There are any number of ways you can start a new endeavor. You can “soft launch” to slowly build interest and word of mouth. You can go sensibly mid-size. But you rarely expect that, from the outset, the thing is going to be huge.
That’s the wonderfully daunting situation facing Dan Farr, whose Dan Farr Productions is putting on the inaugural Salt Lake Comic Con at the Salt Palace Convention Center on Sept. 5-7. Initially slated to occupy the South Towne Expo Center in Sandy, the event rapidly generated so much advance interest and ticket sales that the venue had to be changed to accommodate the expected crowds. Big-name guest announcements—including Star Trek’s William Shatner, Star Wars cast veterans David Prowse and Peter Mayhew, and Adam West and Burt Ward from the original 1960s Batman TV series—got local lovers of geek culture buzzing; pre-con events including sponsorship of the Zombie Walk continued building name recognition.
While it’s always impossible to perfectly predict attendance—“The crystal ball is still cloudy, but it’s getting clearer,” Farr says—there’s a chance that the Comic Con could exceed 30,000 attendees. That would put it ahead of major, established Salt Lake City conventions like the annual Outdoor Retailer Summer Market, which claimed attendance of more than 27,000 for this year’s event.
“We built ourselves a tough act to follow,” Farr says.
That’s a massive scale on which to get a first-time event off the ground, but Farr knows his way around the convention circuit. In his previous work for a 3-D animation software firm, Farr attended fantasy and comic-book conventions around the country as a vendor on the show floor, offering his company’s product for animators. That experience allowed him not just to make contacts within the industry—including managers for celebrities like Kevin Sorbo (Hercules), Richard Hatch (Battlestar Galactica) and Lou Ferrigno (The Incredible Hulk) who ended up on the Salt Lake Comic Con guest roster—but also to identify how to create an event that would make for a positive attendee experience, so that first-timers would become repeat visitors. At a convention in Denver, for example, he saw an event that had to turn people away because it wasn’t prepared for the crowds; by comparison, an event in Phoenix impressed Farr by having “a ticket line that I got through in five minutes. That’s the kind of experience I want to have here.” As a result, he had to act quickly when interest exceeded initial expectations—not merely moving the venue, but increasing the number of volunteers from 100 to 400.
Farr has also had plenty of time to develop his plan for the Salt Lake Comic Con, having left his previous job in spring 2012 to begin working toward it. Earlier dates were considered, but Farr ultimately opted to take the time necessary to do it the way he thought it would work best. “And we got lucky,” he adds, “because if it had been another date, we probably wouldn’t have been able to move to the Salt Palace.”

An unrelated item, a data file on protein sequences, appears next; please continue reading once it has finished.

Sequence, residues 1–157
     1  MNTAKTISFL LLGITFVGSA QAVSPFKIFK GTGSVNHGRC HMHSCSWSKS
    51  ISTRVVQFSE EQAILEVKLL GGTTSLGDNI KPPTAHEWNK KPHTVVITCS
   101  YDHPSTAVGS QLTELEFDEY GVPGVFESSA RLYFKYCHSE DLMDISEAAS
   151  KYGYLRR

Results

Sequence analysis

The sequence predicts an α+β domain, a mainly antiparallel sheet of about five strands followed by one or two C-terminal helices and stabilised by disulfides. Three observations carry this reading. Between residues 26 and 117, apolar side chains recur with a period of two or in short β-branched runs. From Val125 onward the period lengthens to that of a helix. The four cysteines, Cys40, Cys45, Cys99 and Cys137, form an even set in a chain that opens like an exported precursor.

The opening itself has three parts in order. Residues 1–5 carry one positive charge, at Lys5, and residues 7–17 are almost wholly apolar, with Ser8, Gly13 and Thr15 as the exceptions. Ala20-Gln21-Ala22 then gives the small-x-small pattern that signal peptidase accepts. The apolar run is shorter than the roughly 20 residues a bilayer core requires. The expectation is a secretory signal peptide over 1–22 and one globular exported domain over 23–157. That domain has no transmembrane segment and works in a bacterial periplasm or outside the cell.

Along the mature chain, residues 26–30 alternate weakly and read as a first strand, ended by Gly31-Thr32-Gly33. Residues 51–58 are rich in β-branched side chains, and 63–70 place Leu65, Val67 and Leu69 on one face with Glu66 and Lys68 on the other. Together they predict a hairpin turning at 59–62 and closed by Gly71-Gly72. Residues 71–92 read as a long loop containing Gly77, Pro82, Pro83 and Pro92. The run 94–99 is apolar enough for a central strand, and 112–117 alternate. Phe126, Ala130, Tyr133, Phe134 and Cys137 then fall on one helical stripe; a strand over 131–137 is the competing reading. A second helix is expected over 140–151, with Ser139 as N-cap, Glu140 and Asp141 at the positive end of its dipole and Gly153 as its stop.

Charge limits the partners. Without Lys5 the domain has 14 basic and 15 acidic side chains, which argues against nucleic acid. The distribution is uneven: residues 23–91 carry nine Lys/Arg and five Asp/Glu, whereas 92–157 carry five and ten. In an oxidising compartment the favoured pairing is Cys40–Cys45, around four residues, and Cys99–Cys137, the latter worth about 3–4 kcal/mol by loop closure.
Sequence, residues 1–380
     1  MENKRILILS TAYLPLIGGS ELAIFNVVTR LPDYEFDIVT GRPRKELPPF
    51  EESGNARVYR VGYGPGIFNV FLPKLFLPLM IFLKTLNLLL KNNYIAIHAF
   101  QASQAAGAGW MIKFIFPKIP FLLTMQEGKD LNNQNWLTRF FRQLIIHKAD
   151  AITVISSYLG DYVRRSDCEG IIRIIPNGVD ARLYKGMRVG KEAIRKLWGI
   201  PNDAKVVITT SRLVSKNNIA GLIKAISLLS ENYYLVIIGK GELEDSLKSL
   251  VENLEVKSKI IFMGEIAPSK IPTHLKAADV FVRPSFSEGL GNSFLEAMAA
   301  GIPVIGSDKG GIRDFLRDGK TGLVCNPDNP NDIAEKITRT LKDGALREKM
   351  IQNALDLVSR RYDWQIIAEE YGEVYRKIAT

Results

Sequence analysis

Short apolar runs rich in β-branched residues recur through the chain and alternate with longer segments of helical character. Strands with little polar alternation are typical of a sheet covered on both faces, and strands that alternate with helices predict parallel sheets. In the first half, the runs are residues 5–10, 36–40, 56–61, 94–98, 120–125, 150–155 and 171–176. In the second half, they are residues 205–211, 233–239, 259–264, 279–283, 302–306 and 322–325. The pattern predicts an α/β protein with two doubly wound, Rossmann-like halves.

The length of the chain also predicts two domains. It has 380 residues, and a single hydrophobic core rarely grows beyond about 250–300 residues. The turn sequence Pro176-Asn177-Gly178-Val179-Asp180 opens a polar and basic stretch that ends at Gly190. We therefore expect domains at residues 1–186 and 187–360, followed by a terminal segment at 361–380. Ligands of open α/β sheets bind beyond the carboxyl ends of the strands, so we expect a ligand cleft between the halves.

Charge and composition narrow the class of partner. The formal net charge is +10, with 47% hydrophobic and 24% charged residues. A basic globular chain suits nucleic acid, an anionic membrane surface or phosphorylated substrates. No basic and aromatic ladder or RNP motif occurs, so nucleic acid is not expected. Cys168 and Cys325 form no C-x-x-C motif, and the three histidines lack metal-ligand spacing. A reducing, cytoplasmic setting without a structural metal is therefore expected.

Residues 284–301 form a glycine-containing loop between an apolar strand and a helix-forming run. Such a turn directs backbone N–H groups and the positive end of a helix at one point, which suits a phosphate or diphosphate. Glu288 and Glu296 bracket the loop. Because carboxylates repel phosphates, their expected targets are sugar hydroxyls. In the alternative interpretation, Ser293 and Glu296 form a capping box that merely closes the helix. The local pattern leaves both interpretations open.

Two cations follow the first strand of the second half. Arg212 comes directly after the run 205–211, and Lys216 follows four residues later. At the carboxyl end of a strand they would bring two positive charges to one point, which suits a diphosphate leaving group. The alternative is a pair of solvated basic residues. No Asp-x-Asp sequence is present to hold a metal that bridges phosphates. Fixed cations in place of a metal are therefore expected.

In a sense, Farr isn’t the most obvious candidate for launching this kind of an event. He doesn’t describe himself as a major pop-culture geek himself, though he is a big Halloween “home haunt” enthusiast. But that background may have allowed him to come at the planning for Salt Lake Comic Con more pragmatically, even when it comes to something like choosing the name. Where events like the famous annual San Diego Comic-Con began with a genuine focus on comic books but evolved into something that gave more and more attention to movies, television, gaming and other geeky pursuits, Farr says, “We’re starting out with the understanding that it’s a pop-culture event, not just a comic-book event. … It’s not just for the super-fan who wants to wear a costume.”
While the Comic Con experience is scheduled to include dozens of panel discussions, a film festival and a display of special-effects material from the New Zealand-based Weta Workshop (as seen in Peter Jackson’s Lord of the Rings and Hobbit films), it’s clear that the celebrities are the big draw for many visitors. Farr acknowledges that booking Shatner was a tipping point, both in terms of generating public interest and in getting other guests signed on subsequently. The celebrity guests are “here to sell autographs and photo-ops,” Farr says, which meant promising a minimum dollar figure that would come out of the organizers’ pockets if interest was low.
The way things are looking right now, however, that doesn’t figure to be a problem. “Our goal,” Farr says, “is we want every celebrity, vendor and visitor to leave saying, ‘Where did Salt Lake [Comic Con] come from?’ ”
SALT LAKE COMIC CON
Salt Palace Convention Center, 100 S. West Temple
Thursday-Saturday, Sept. 5-7
Per-day tickets $12-$30, three-day passes $30-$150